1. “You say you don’t wanna get politics involved with this essay. Nah nah. It is what you believe in that implies your political standpoint, even you don’t associate yourself with these political points of view.” You missed the point of the author. When an argument is involved with politics, people are more likely to get sidetracked by political sentiments (e.g. under influence of propaganda, personal/hidden agenda, mob/herd mentality, etc) , whether negative or positive; therefore, it’s the writer’s intention that the discussion on an social issue should be detached from all the politics matter to avoid clouded judgments.

        “The paragraph that says “Secondly, women need social empowerment”. … Have we done it? Yep, we have already done it. For a long time. Any positive results?” Your argument, your data, your research. I see none.

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      2. *The missing part of comment 2/
        Assuming that from 2011 to 2015 the enrollment goal is constant, the total number of VNU students would be 16000. To put that into perspective, by Oct 2015 Vietnam has over 1.8 million students in 219 universities and 217 colleges. Even if the WHOLE speculated VNU student population is female, a measly 0.88% sample size speaks volume about your over-generalization ability. There are always some gender-dominant fields, which in turns goes both ways in creating female or male dominance in some universities.

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    4. 3/ As for other specific (or not) examples you put forward, they are either misleading or irrelevant, which have also been concisely refuted by the author. (seriously, Sharia Law?! This further confirms that you are just a troll who has too much time on his hand, no offense.)

      Next time when you are trolling, please do it right. You may google “Logical Fallacy 101” to study more deceitful and manipulating methods. Or better yet, stop doing this because it is counterproductive for any participant, including you. There is a fine line between pure B.S and masterful trolling, and reading a poorly done joke and offensive nonsense gets my blood boiling all the time. Your responses are nothing short of extraordinary at doing that (please take this as a compliment). I don’t know which would be more frightening… You are either a miserable troll who loves to dedicate himself to irritating people, or truly an irrational individual with a perversely twisted point of view.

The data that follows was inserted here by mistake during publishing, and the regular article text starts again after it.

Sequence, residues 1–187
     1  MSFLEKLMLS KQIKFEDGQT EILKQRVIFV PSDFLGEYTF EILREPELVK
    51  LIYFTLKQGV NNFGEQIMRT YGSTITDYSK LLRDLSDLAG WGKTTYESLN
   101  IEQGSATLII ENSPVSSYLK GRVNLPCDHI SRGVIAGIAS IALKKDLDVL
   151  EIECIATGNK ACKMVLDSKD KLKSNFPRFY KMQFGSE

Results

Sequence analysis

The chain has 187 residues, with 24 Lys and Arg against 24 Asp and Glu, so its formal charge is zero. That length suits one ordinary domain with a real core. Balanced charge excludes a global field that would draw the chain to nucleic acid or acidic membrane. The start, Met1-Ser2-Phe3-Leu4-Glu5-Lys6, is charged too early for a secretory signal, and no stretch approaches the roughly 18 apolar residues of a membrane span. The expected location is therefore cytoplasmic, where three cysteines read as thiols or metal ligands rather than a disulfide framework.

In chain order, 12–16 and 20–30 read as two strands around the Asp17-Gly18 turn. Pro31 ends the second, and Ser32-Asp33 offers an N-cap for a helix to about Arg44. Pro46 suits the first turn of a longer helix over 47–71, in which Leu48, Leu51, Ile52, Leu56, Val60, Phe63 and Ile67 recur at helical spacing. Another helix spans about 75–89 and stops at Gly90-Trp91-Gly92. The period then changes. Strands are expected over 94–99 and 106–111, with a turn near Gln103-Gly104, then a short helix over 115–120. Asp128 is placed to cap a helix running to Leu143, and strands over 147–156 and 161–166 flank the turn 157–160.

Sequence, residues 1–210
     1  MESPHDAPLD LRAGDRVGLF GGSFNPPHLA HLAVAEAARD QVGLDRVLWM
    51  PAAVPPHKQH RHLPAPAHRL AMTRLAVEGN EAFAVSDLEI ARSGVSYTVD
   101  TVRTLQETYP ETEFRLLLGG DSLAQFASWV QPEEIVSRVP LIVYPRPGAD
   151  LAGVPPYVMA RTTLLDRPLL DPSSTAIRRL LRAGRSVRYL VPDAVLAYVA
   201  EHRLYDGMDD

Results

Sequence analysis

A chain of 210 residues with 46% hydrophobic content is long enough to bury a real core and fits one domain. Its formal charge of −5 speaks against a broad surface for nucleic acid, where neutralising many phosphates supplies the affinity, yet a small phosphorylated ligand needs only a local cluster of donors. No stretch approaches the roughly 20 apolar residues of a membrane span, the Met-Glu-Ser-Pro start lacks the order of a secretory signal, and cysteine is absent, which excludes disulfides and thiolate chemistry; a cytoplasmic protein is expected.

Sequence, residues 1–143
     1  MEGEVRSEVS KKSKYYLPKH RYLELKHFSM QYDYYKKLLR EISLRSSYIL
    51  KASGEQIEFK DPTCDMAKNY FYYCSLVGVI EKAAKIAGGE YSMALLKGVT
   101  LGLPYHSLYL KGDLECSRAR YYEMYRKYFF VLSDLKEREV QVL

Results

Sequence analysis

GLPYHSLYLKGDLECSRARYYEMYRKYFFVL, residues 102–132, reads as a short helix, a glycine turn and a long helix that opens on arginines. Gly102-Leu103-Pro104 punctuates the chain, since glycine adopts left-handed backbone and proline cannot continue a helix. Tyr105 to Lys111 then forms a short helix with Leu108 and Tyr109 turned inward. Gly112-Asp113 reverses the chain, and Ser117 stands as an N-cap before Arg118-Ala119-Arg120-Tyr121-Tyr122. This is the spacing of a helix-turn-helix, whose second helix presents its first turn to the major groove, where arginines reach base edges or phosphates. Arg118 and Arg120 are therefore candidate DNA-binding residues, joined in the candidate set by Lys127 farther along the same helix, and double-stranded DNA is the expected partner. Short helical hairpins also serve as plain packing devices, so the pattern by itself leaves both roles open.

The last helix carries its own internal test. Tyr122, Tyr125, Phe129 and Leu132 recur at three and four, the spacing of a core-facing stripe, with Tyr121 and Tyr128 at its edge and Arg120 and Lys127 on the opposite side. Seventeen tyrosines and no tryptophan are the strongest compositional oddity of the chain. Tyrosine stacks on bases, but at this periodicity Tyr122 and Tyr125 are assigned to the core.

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    5. 4/ Your saving grace is that you are very clever and have an excellent command of English, which makes you a seemingly civilized, well-informed, and well-intentioned individual. But… let’s be honest to ourselves here. You know deep down inside your heart, you are just a pseudo-intellectual, narrow-minded, dejected little man. I’ve crossed paths with the likes of you all the time. Believe me, though living and sneering in your own bubble can be wonderfully comforting at first, it will inevitably wear you down before you can even notice it. This path you are treading on will turn you into a vile creature, or better/worse yet, lead to an utter perdition. So I sincerely hope that you have a change of heart and put your capabilities into good use.

      Like

    6. *5/ I’ve just read your latest reply. Now I know for sure that you are just an unskilled troll… “Why would I in my right mind go find some statistics that is inaccessible to me just to go argue with you?” actually made me facepalm and internally scream (another compliment for you). Happy trolling and don’t bother replying my lengthy rants! And thank you very much, because writing this reply reminded me why dealing with your kinds had been one of my favorite pastimes, but then “I learned long ago, never to wrestle with a pig. You get dirty, and besides, the pig likes it”.

      Like

  4. Your essay revealed me a useful standpoint that women in Vietnam lack initiative when it comes to voting and standing to against discrimination in workplace. However, what you said lacks evidence that makes me feel like “an unfinished essay”. 🙂

    Like

    1. Thang Tran

      Thank you! Yes, an essay entry is limited for these issues. As a college graduate now, I’m going to research and write other pieces of writing in journalistic style, with more details and real-life examples.

      Liked by 1 person